Microsoft's co-founder Bill Gates made the announcement during his keynote speech at the RSA Security conference in San Francisco last month. He said, "browsing definitely is a point of vulnerability," and said, "What we have decided to do is a new version of Internet Explorer. IE7 adds a new level of security."
This changes Microsoft's stance that new versions of the browser would only appear with new operating systems. The fact that the reversal came as rival browser Firefox reached 25 million downloads was no doubt entirely coincidental.
Unfortunately, Gates did not say precisely how IE7 would differ from IE6, except in having protection against phishing. This is an area where risks can already be reduced by using an accessory toolbar to show the real site behind an obfuscated web address.
Otherwise, there has been a massive amount of speculation about IE7 on the net, but none of it has any basis in fact. One common idea is that Microsoft will add the tabbed browsing features pioneered in the Opera browser and picked up by Firefox. This is certainly possible because Microsoft already has the code.
A more urgent need is for Microsoft to update IE's rendering engine to match current standards supported in Opera and Firefox, particularly CSS, PNG and XML/XHTML. This is also possible, but there is still no evidence it will happen.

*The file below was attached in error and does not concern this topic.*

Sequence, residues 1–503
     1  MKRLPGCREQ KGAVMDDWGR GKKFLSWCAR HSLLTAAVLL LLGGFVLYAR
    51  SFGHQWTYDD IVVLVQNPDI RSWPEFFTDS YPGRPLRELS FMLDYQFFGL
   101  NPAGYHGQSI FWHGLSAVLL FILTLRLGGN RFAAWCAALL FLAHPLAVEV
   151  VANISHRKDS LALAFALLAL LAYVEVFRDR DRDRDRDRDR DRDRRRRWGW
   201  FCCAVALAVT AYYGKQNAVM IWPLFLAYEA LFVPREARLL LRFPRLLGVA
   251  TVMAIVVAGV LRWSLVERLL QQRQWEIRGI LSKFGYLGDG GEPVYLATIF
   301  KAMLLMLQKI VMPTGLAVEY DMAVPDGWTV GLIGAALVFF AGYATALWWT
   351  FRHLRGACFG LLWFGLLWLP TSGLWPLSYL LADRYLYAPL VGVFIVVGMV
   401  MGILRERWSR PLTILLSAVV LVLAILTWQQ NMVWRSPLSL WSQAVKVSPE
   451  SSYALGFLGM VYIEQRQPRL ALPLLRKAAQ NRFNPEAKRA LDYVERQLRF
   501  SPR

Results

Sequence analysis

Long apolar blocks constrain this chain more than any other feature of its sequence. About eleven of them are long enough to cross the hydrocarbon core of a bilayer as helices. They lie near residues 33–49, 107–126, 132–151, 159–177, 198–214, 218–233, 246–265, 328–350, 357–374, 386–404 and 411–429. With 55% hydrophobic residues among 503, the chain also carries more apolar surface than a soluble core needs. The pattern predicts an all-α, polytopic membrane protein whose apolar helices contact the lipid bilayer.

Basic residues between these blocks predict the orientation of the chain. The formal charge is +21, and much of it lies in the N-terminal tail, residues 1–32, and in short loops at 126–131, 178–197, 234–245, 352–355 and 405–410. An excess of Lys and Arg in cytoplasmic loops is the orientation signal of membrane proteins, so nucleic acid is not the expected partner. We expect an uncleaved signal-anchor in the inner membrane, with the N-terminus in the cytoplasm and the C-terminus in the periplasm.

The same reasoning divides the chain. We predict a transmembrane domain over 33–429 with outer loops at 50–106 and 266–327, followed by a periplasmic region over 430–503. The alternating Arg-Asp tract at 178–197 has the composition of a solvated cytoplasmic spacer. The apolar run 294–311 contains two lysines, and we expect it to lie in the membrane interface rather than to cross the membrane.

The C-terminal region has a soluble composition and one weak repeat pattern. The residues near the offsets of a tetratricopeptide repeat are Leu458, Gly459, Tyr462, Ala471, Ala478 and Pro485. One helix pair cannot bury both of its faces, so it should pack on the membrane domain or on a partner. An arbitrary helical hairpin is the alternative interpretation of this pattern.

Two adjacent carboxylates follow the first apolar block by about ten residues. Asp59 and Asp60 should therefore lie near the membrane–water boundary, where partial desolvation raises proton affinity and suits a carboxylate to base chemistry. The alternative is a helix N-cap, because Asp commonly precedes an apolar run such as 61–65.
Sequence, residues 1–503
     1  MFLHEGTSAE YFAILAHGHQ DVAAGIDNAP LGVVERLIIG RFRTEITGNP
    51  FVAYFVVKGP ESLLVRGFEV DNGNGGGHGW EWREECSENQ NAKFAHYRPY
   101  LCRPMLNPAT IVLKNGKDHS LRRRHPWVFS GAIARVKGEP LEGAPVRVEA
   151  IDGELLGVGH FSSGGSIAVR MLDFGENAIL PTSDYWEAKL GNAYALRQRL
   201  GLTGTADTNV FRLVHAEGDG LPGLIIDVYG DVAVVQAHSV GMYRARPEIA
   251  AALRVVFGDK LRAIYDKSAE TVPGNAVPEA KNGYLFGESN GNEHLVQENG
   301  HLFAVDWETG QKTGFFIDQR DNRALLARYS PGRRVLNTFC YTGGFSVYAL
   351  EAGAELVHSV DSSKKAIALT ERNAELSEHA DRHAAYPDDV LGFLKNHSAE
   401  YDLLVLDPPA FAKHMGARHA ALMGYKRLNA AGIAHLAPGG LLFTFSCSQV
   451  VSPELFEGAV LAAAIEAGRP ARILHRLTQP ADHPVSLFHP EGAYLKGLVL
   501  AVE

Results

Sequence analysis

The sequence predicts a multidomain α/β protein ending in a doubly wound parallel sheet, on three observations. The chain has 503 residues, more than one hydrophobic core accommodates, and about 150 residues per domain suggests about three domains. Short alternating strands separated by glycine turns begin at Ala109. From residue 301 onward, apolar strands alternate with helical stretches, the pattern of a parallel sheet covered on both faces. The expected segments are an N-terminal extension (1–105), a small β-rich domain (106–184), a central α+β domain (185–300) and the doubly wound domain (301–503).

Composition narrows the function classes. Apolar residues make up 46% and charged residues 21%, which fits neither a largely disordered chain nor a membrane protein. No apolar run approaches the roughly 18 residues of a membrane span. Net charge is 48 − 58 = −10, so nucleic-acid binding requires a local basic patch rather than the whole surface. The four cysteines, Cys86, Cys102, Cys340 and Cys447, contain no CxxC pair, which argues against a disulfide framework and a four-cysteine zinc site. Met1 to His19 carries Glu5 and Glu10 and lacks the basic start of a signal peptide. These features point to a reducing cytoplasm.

However, one of the things Gates said in his RSA speech was, "We will include these capabilities in the next release of Windows scheduled for 2006, which is our Longhorn release."
I suspect that IE7 was intended for Longhorn and that Microsoft only belatedly decided to release it for XP as well. This fits with the decision, announced last August, that Longhorn's Avalon and Indigo technologies would also be made available to Windows XP users. Installing IE7 could therefore involve installing some Longhorn code, on which it may be dependent.
IE7 is clearly dependent on the security features in code shipped with SP2. This will make it difficult to provide a version for Windows 2000 and Windows 95/98/Me users can forget about it.
The IE team's blog, states, "We are actively listening to our major Windows 2000 customers about what they want and comparing that to the engineering and logistical complexity of that work. That is all I can say on that topic."
However, Microsoft has already registered more than 170 million SP2 downloads, which does not count the users who have installed it from CDs. It will probably ship more than 150 million copies on new PCs this year, which will give SP2 a large majority of the installed base. The chances of a Windows 2000 version must be getting smaller by the day.
Jack Schofield is computer editor at the Guardian